Monday, August 10, 2015

The Last Road (now on video)

Review by Wayne Richards

It's a question as old as the hills: what happens to us after we die? THE LAST ROAD presents a bleak, yet unique prospective on those postmortem possibilities. In his independent British film debut, writer/director John Wheeler constructs a dark, desolate landscape filmed in the English town of Westbury.  Wheeler creates a gloomy panorama of dread; a macabre terrain sparsely inhabited by the unfortunate miscreants deemed unworthy of God. It has elements of a post-apocalyptic horror film, but might be more accurately described as a dark drama with splashes of lively gore. The bulk of the film focuses on a young fighter named Toby who scrutinizes the events of a life unfulfilled as he adjusts to his new existence trapped in limbo.

Toby is played by the talented Aaron Long, who makes a strong acting debut in this picture. Toby is a fighter in an underground MMA-type of illegal fighting organization run by British gangsters. He is an outcast in a cesspool filled with unsavory characters who use and abuse him to sway the outcome of fights. Toby's shrewdness as a fighter ultimately costs him, as he eventually meets his demise in the ring against a maniacal opponent. Long, incidentally, is credited as the stunt coordinator; but the violence depicted (in the few fights that are shown) is not necessarily as brutal or realistic as say, FIGHT CLUB, or THEY LIVE (R.I.P. "Rowdy" Roddy Piper who has tragically passed away as I write this entry - ). The fight sequences are composed of many quick-cutting shots lasting only a second or two before moving to a different angle, so it's difficult to have time to absorb the impact of the blows.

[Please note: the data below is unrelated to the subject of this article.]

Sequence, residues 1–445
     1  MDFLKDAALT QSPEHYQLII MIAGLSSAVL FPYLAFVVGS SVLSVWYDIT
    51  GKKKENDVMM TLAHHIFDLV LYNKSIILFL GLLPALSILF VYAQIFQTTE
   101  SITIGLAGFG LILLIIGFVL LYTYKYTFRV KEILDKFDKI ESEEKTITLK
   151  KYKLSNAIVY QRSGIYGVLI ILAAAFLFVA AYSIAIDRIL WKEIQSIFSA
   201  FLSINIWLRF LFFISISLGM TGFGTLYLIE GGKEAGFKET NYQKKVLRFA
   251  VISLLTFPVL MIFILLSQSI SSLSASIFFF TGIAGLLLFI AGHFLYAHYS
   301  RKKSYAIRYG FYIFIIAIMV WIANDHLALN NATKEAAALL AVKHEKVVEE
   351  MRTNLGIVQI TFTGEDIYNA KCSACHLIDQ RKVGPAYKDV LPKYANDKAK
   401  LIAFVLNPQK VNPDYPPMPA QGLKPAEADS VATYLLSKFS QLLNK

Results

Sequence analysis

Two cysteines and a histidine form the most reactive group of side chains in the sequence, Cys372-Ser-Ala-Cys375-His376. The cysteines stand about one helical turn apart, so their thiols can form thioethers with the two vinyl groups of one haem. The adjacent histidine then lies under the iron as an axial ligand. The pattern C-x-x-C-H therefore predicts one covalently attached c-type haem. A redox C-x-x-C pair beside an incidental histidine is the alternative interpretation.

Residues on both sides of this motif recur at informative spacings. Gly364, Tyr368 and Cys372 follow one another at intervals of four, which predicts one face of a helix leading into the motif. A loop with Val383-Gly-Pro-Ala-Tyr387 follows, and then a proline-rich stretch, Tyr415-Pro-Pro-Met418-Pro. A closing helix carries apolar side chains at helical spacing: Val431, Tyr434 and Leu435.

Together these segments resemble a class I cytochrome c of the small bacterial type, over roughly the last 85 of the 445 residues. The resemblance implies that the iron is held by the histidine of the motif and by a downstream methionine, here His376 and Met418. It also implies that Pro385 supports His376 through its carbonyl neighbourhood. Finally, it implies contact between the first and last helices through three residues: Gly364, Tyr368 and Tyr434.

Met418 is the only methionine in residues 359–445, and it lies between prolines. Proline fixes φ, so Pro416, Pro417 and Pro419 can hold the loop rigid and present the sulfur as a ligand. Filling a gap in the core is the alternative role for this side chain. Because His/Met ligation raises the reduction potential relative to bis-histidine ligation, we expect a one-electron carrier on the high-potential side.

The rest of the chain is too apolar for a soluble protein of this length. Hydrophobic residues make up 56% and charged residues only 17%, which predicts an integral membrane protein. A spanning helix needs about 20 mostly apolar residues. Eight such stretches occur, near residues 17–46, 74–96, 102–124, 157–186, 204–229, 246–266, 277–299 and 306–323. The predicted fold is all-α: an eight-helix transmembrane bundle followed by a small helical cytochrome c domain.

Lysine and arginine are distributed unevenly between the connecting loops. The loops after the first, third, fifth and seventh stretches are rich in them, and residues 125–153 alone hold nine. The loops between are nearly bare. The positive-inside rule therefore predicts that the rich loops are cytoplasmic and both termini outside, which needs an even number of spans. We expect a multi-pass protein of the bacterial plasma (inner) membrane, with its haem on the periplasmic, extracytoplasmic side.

Post-fight we follow Toby's journey into the afterlife. He is met by a guide who determines his fate based on the nature of his lifelong deeds. Toby subsequently sets off crestfallen and bewildered into a new trippy and bizarre environment.  Wheeler fabricates a truly outlandish locale in which Toby is tormented by visions of his past life and loss of faith; while meeting an assortment of similarly doomed souls along the way. Long gives an emotional performance and impresses throughout, showing a range and intensity rarely seen in actors with such limited acting experience.

While the overall acting is good, the direction is choppy and at times blatantly disorienting. The editing process must have been a nightmare. The first hour of the movie seems to not have a single camera shot that lasts longer than 4 seconds. When he's not incessantly cutting to a different angle (imagine an annoying techno music video), Wheeler overuses avant-garde landscape shots which are routinely accompanied by a droning monotone musical score. Doing away with the excessive shots of time-lapse clouds, windswept trees (a la the boring pretentiousness of Terrence Malick/Lars Von Trier) and other unnecessary visual digressions could have cut this nearly two-hour beast into a more enjoyable 90 minute viewing. Nevertheless, Wheeler's vision yields a striking and ambitious first effort. 2 out of 4 stars.

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